2 Know your gear
The good news is that you don't have to rush out and get the absolute best and most up-to-date underwater system before your next dive trip. The gear available now that we use on shoots is just incredible — it gets better at such an incredible pace. But it's not the most important factor in getting a great shot. More importantly, you need to know what gear you have and you need to know it really well. How far can you push your camera in challenging underwater conditions? Understanding your gear's capabilities is important.
And it's essential to know how to operate it without having to think about it. When something exciting happens in the water you don't have time to think. You need your camera set up to be an extension of you so that you can capture that glorious moment as it happens — it may never happen like that again.
3 Tell a story
Whether you're taking stills or filming, the principle is the same: you want to be clear about what you are trying to communicate. You might be after something as simple as a beauty shot but having an idea about what in particular you want to convey will make your images stronger. Are you telling the story of how beautiful an underwater location is in long, dim quiet light? Or how beautiful it is when it is alive with masses of life?
Answering those kinds of questions will focus your attention and help create something that compels people to engage with.
4 Hone your dive skills
When something happens in the water you often get no warning, and if you're not ready to act on instinct you'll miss it. Honing your dive skills to the point where they are completely instinctual is important. You don't want to think about buoyancy while trying to capture a magic moment. You've got enough to focus on. My career as a professional free diver has helped my camera work immensely, and I'm a big advocate of the benefits of snorkelling. Give a kid a cheap underwater camera, some fins and a mask and snorkel and they will happily spend hours in the water. It's about time spent in and under water: you want to become as at home in the water as the wildlife you're trying to film.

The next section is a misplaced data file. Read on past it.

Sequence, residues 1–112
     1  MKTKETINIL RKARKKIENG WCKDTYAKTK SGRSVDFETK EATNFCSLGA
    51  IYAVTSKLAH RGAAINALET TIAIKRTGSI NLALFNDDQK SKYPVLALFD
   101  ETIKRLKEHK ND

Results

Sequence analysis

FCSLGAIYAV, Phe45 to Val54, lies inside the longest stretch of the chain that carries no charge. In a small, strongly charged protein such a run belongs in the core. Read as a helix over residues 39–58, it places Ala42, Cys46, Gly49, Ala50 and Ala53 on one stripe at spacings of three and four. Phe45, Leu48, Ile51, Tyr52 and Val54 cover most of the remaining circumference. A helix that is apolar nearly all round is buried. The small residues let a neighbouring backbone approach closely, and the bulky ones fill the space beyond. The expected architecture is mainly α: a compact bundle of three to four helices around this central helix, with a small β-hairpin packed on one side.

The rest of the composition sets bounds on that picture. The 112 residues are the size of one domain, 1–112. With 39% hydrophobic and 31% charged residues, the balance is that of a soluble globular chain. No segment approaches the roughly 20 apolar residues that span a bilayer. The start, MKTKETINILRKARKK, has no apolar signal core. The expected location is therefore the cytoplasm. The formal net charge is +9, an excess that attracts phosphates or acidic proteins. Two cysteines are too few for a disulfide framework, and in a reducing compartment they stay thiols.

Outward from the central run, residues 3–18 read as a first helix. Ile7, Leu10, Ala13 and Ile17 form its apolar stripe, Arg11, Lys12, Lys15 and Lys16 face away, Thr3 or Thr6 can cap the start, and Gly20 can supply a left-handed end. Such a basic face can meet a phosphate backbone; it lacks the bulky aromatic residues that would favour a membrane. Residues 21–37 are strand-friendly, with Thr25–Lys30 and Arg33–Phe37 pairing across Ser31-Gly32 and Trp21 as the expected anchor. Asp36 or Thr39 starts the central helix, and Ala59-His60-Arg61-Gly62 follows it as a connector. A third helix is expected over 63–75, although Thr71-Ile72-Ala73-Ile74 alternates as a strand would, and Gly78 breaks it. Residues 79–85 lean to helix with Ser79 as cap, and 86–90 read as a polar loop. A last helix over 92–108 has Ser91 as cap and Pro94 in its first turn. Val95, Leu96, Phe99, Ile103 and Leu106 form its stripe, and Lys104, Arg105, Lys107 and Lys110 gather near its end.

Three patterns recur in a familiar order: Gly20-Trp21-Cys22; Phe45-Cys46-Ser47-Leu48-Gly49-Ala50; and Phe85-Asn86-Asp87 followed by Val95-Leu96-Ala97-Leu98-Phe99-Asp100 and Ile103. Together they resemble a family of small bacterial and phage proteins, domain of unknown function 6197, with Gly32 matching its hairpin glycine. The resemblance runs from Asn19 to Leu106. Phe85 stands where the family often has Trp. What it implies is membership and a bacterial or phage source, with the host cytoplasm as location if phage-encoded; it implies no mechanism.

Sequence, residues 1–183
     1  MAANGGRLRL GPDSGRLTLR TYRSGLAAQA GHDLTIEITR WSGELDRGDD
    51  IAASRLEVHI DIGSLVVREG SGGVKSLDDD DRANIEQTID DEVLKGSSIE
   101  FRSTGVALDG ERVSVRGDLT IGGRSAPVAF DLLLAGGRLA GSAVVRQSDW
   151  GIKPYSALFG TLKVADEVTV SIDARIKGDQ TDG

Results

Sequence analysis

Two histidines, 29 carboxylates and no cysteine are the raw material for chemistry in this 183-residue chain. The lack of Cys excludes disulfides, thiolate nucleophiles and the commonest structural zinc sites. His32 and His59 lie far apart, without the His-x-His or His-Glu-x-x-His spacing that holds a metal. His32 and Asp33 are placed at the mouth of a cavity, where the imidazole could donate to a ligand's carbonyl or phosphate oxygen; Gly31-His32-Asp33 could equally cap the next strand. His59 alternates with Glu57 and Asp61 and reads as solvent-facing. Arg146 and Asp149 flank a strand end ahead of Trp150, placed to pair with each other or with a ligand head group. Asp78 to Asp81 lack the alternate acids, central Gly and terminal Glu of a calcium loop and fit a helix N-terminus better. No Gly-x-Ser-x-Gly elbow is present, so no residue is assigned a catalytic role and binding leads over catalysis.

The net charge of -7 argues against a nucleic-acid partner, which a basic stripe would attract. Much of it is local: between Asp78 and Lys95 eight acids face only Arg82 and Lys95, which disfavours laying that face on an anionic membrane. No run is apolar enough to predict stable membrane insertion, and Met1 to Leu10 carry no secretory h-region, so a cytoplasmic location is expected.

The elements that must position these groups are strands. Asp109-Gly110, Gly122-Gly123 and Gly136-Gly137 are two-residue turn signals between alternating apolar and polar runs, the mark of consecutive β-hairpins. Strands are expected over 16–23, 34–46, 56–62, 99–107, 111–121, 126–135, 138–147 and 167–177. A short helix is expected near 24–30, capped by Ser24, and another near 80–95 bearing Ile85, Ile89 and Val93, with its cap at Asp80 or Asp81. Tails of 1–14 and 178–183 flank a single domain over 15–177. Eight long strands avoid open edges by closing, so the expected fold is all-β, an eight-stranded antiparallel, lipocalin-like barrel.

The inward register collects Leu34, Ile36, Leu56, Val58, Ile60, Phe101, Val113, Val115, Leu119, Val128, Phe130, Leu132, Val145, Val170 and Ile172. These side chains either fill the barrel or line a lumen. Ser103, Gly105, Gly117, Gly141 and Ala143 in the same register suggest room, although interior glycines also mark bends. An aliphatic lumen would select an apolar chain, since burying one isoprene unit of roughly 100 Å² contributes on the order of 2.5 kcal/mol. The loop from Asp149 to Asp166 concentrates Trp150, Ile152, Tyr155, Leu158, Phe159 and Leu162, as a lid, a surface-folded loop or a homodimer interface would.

5 Notice what other people don't
What do you notice when you go for a dive or a snorkel? There is so much going on — and so much of it that no one has thought to bring to life with a camera yet. Tiny details can be just as fascinating as the big hero wildlife species. I love to see triple fins when I dive, tiny fish with huge personalities. And one of the most satisfying sequences I've shot is an epic hunt to the death by a starfish chasing a paua. This happened in slow motion, of course, but to me it was an underwater drama as thrilling as capturing a hunt by orcas — well, nearly as thrilling.
● Underwater cinematographer and documentary producer Kina Scollay hosts Ocean Predators, premiering tonight at 7.30pm on Prime.